I knew the chances of success was slim, but that’s what we do as graduate students. We have to learn from our failures. Optimize. Repeat. And finally, we persevere. I grudgingly purified the lipid droplets and added the antibody. The next day I blotted. When I exposed the gel, a single beautiful band appeared showing my band indicating my protein of interest. Who knew one band (no not the Jonas Brothers type of band) could give so much joy? I was ecstatic and relieved. When my principle investigator saw the results, he could only smile. Knowing I just accomplished something that no one in the world has ever done thrilled me. For those undergraduates reading this and still trying to decide if graduate school is right for them, I implore you to re-evaluate your experience in lab. Are the highs of the 10% of success high enough to carry you through the 90% of failures? If not, maybe consider just a MD as a PhD is all about persevering through failure. As for me, I was on cloud nine. The pains of the failures were wiped away by the joy of success. I didn’t choose the PhD life. It had chosen me.

IMG_1397About Alex: I’m a 4th year MD/PhD student at Wayne State University studying genetic mechanisms of fatty liver disease. In my spare time I like to cook, exercise, play video games, and write. Check me out on twitter @MDPhDinProgress.

Time Balance as a MD/PhD Student

Q (from As a MD/PhD student, do you have any time for yourself? For family and friends? To just take a break? I would like to do a MD/PhD program, but I want to enjoy my 20s…

A: Of course you have time! I fully want to enjoy my 20’s as well so even if I don’t feel like I have time, I MAKE time to enjoy it. When you’re in the graduate portion of your PhD, your free time is really based on how much your PI will push you (or how much you push yourself). It is an important consideration when you pick a lab. If the PI is understanding and aware that people are not robots who just work 24 hours a day to produce data, then you should be granted the time that you need. In fact, I’ve had PI’s tell me to go home because I’m in lab too late or I’m there on a weekend!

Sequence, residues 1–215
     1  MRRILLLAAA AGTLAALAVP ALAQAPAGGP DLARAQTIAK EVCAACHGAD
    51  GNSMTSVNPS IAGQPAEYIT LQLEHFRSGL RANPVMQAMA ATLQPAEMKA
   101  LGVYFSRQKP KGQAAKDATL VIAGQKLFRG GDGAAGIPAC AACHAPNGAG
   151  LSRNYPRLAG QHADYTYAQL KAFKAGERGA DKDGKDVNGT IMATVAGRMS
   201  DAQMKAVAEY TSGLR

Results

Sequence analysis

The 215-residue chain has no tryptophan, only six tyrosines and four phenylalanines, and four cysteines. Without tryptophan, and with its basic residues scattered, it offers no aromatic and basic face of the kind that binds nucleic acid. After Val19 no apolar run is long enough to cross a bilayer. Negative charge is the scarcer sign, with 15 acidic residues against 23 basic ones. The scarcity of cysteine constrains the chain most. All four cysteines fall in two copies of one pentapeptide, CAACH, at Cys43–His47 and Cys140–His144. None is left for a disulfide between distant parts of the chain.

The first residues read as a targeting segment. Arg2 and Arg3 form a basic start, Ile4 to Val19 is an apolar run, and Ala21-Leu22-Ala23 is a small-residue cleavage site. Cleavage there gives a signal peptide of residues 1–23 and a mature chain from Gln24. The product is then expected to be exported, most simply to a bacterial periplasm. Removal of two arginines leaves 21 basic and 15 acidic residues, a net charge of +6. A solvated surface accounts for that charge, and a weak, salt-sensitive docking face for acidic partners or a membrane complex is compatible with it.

I actually just read a blog post today about this culture of pushing scientists too far (in response to a sad situation), and a particular quote from it stood out to me:

“The best (and more importantly, happiest) scientists I know are people who are interested in many things, who approach all aspects of their lives with engagement, purpose and openness.”

There seems to be a cultural shift away from pushing students too hard, which makes me glad. Obviously, we want to be successful and have a lot expected of us (which only increases as we progress through our careers), but we have to appreciate our own limits as well.

As someone who enjoys writing for fun, watching sports games, enjoying my weekend nights out with friends, going home to see family and friends (which requires an eight hour drive one way for me right now), playing musical instruments, and many more leisurely activities, I believe that doing so makes me better at what I do by keeping me happy and healthy. I believe that everyone can make time to have a life if they work hard enough to do so. Not only that, I also believe that they all SHOULD. It may take a little work to figure out how to balance everything, but it can be done and it is definitely worth it. As long as you find a program and an advisor that understands that you need to have a life outside of school, you will have the time that you need.

My third and final rotation

To put it simply, my third rotation was different.

Leaning toward joining my second rotation lab, I picked my third rotation advisor not because of the research focus but because the PI (primary investigator) was a new and enthusiastic professor. Seriously, this PI is one of the most passionate people I have met within the field of science. I had met them on my interview weekend and really enjoyed hearing their take on academia as a recent post doc. As they told me about their research I kept asking “You could apply that to cancer, right?” and they would say, “Yeah, but we’re doing it with muscular dystrophy in the heart” or “Yeah, but we’re looking at the liver.” The scientific area they looked at in the lab (RNA expression/splicing) was a secondary reason why I chose the lab for my last rotation.